The Union for the Meditteranean has set climate-change adaptation, low-carbon development and fight agianst water pollution at the top of its agenda, with increased financial support for environmental projects and initiative being secheduled.
A new expert group established by the Union for the Mediterranean will encourage the exchange of information and best practice across the region and promote the development of projects and initiatives related to low emission and climate-resilient development. The expert group will bring together academia, civil society, the private sector, international financial institutions, investors and local and national administrations. Ministers renewed their support for the Horizon 2020 Initiative and the waste water, solid waste and industrial emissions sectors that it targets, and agreed to strengthen its pollution prevention dimension. They also stressed the importance of fully integrating action on climate change into national strategies, which will lead to greater mobilisation of financial resources from a variety of sources.
The Mediterranean region has been identified as a major climate change hotspot by experts. Future changes are expected to include temperature increases above the world average, lower rainfall patterns, and more extreme weather events.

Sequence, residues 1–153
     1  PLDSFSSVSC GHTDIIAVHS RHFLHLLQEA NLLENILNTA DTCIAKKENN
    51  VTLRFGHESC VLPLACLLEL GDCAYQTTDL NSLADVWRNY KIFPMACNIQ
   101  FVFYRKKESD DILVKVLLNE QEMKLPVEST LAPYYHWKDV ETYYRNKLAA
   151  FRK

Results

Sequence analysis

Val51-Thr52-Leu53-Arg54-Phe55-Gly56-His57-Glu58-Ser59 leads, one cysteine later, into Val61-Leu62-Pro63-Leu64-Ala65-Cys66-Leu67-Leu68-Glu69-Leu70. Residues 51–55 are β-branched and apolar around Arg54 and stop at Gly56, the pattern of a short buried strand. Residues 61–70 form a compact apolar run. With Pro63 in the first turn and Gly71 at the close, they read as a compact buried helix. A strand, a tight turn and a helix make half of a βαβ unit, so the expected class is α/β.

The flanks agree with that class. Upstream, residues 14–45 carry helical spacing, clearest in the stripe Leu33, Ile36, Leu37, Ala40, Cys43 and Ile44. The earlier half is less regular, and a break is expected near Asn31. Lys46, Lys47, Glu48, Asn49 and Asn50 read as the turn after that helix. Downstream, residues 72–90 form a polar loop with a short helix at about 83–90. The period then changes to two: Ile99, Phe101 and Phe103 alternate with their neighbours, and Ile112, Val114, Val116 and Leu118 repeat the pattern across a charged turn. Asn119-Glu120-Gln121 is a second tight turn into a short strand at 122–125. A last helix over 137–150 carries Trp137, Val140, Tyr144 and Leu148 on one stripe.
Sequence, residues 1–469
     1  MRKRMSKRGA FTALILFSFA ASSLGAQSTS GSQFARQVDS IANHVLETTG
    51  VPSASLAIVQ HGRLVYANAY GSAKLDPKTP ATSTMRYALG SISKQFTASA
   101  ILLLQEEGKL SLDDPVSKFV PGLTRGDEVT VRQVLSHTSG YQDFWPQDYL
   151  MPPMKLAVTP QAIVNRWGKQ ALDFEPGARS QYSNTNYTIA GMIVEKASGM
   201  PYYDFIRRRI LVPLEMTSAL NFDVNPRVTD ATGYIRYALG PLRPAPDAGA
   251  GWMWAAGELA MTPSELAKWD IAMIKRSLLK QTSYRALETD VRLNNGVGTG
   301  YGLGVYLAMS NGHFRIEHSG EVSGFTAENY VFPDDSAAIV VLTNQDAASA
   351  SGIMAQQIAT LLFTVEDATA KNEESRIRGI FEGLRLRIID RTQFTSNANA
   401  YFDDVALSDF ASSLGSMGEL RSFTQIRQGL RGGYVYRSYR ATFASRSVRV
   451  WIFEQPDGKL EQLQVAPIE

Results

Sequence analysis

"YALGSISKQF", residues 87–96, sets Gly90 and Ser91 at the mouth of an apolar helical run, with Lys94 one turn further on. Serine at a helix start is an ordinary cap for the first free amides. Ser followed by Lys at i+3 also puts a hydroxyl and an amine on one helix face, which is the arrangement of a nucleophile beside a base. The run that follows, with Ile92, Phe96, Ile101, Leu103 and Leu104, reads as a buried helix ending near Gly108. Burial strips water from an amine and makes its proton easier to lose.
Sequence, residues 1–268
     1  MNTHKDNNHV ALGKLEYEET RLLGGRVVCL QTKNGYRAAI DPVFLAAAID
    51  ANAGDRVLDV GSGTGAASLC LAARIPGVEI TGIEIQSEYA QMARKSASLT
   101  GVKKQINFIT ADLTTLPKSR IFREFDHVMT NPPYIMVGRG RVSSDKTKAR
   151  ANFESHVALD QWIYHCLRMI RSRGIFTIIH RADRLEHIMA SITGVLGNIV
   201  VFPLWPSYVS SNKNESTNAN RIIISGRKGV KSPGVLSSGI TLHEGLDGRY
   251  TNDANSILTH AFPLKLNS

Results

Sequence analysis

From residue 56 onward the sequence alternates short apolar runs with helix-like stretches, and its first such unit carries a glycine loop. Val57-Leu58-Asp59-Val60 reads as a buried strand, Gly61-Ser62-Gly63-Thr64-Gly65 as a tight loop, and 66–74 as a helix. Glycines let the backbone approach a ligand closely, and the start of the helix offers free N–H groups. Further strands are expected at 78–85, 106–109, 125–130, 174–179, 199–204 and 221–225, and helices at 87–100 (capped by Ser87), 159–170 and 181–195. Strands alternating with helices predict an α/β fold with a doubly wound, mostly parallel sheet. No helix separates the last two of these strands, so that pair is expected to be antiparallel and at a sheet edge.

The Mediterranean Sea is one of the most important, but threatened, environmental assets of the European Union. It is a global biodiversity hotspot, its fisheries support the livelihood of tens of thousands of artisan fishermen around the basin and its beaches are the destination of choice for millions of tourists every year. Despite its economic and social importance, the sea is subject to significant environment degradation. The Horizon 2020 Initiative, endorsed during the last Euro-Mediterranean Conference on Environment, supports and complements the implementation of the commitments under the Convention for the Protection of the Marine Environment and the Coastal Region of the Mediterranean (the Barcelona Convention). It aims to tackle the sources of pollution that are said to account for around 80% of the overall pollution of the Mediterranean Sea.